Ed. note: This post is an excerpt from Chapter 13: the Fifth Revolution from Growing a Revolution: Bringing our Soil Back to Life by David R. Montgomery, published by W.W. Norton. You can find out more about the book here.
The biggest barrier to agricultural progress is between the ears. —Kristine Nichols
As I started working on what would become this book, my wife, Anne, and I visited the Eden Project in southern England—the world’s largest greenhouse, made of enormous geodesic domes built in the open pit of an abandoned clay mine. One exhibit featured a twenty-foot-tall nutcracker designed by an industrial absurdist. Scrap-iron pulleys, chains, cranks, and levers launched big metal marbles down tracks to turn gears that slowly hoisted a wrecking ball into the air before dropping it onto a carefully positioned hazelnut. Kids competed to power the thing, turning a crank on the side of the enclosure that held the device. We joined an enthralled crowd and watched the intricate dance of parts designed to solve the problem of cracking a nut.
Upon leaving the pavilion, Anne pointed out plenty of perfectly good rocks lying around that could do the same job with little effort in a fraction of the time. Here was the exhibit’s broader lesson. Even with simple solutions in plain sight, complex ones attract our attention—and interest.
But simple ideas that solve problems do catch on. And visiting farmers around the world who were doing well putting regenerative agriculture into practice convinced me that building soil health offers a practical, cost-effective way to restore degraded land and maintain or increase crop yields with less oil and agrochemicals. Seeing how these innovative farmers restored their soil, their farms, and their bank accounts convinced me that we could avoid the fate of past civilizations. It’s not a question of if we can, but whether we will.
Conventional wisdom says that fertile soil is not renewable, that it can’t be replaced. But that’s not really true. Fertility can be improved quickly through cover cropping and returning organic matter to the land. Soil-building is about getting the biology, mineral availability, and organic-matter balance right, rolling with the wheel of life instead of losing ground pushing against it. As we’ve seen, restoring fertility to the world’s cropland is not an either-or choice between modern technology and time-tested traditions. We can update traditional wisdom and adopt new agronomic science and technology. Solving the problem of land degradation is devilishly simple from a practices standpoint. The difficulty lies in marshaling the political wherewithal to stop subsidizing conventional farming and start promoting practices that build soil fertility.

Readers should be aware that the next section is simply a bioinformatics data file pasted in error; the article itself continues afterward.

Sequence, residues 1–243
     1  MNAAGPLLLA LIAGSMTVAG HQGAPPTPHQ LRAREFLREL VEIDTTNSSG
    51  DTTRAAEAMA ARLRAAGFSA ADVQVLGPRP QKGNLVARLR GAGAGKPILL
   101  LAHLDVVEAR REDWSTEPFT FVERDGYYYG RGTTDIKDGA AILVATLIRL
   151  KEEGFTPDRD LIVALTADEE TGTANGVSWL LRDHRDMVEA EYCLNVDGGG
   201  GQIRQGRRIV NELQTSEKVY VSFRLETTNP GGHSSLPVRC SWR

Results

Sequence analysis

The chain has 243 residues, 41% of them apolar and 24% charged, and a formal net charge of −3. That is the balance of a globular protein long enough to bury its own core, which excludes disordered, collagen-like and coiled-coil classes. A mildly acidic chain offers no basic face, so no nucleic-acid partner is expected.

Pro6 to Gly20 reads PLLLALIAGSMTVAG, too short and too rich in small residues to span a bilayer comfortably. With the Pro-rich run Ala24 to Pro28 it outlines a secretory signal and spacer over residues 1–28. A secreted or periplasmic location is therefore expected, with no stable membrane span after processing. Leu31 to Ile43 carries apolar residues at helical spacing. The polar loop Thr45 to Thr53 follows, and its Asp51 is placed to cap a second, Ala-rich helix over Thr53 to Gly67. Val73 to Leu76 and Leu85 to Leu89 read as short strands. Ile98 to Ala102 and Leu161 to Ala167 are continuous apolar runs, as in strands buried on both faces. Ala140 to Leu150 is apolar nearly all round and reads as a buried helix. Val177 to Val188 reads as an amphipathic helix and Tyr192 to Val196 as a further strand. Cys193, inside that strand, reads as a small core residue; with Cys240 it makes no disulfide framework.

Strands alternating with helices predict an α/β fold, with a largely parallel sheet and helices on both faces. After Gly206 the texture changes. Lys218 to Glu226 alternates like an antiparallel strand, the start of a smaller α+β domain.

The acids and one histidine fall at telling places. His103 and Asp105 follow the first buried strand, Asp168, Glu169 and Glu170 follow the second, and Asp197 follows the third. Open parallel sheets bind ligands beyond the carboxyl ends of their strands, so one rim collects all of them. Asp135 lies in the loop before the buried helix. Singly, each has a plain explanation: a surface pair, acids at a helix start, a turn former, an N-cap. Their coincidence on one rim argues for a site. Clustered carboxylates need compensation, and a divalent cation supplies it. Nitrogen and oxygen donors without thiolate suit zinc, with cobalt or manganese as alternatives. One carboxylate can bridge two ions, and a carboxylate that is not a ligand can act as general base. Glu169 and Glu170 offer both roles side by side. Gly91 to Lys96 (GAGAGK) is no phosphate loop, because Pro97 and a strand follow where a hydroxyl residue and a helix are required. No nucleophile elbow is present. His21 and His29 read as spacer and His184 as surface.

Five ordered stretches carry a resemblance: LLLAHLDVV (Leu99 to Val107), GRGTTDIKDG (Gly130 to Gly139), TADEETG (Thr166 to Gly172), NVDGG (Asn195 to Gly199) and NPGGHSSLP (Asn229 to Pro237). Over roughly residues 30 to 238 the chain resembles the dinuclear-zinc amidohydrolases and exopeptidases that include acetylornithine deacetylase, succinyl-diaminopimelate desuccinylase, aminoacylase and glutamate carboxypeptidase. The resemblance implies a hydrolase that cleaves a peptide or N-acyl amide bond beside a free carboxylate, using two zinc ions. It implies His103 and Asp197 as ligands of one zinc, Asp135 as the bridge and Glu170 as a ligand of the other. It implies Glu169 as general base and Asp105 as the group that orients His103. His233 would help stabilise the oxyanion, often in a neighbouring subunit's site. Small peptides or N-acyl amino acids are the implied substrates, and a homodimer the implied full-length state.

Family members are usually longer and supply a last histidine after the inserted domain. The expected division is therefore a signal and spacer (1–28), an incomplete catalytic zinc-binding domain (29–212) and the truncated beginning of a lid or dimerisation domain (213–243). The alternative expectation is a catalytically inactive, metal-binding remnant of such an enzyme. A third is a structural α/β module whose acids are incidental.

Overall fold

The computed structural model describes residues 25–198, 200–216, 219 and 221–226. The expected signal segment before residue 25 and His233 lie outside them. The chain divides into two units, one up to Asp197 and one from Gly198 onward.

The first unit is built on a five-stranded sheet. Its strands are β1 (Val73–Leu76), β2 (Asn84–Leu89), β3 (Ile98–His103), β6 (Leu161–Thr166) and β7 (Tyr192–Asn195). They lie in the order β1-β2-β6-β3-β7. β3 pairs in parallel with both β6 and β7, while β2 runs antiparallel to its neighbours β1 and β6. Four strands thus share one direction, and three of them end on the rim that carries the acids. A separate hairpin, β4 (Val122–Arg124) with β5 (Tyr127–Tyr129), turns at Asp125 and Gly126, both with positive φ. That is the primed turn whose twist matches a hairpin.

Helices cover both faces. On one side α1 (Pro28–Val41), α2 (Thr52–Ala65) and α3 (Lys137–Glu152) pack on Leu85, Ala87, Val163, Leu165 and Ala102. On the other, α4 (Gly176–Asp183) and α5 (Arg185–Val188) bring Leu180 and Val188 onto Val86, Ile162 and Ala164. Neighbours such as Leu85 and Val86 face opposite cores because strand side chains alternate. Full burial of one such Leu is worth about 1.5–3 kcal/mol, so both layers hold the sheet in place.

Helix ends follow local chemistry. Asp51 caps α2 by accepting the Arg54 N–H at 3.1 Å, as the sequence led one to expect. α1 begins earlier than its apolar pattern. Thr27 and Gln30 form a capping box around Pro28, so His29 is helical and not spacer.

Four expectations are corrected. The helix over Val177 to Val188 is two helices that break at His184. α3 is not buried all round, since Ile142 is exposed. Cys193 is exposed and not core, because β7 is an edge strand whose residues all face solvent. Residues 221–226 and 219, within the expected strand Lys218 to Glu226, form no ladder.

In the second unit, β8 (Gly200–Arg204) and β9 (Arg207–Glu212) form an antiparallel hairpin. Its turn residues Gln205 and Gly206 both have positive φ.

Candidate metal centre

The principles of conservation agriculture offer flexible, adaptable guidelines for restoring soil health, feeding the future, and ensuring that farmers can make a living without damaging the environment. Everywhere I went, from the tropics to the plains, I found that farmers who minimized soil disturbance and adopted practices to increase soil organic matter and cultivate beneficial microbes could build fertile soil on both conventional and organic farms.
Of course, the specifics vary. Every farm is unique to some degree. What works well in temperate grasslands may not work so well in tropical forests. We need to tailor practices to the land and be mindful of geographic and social context, as we seek to optimize the use of land, labor, chemical and organic inputs, and machinery to increase farm profitability and soil health.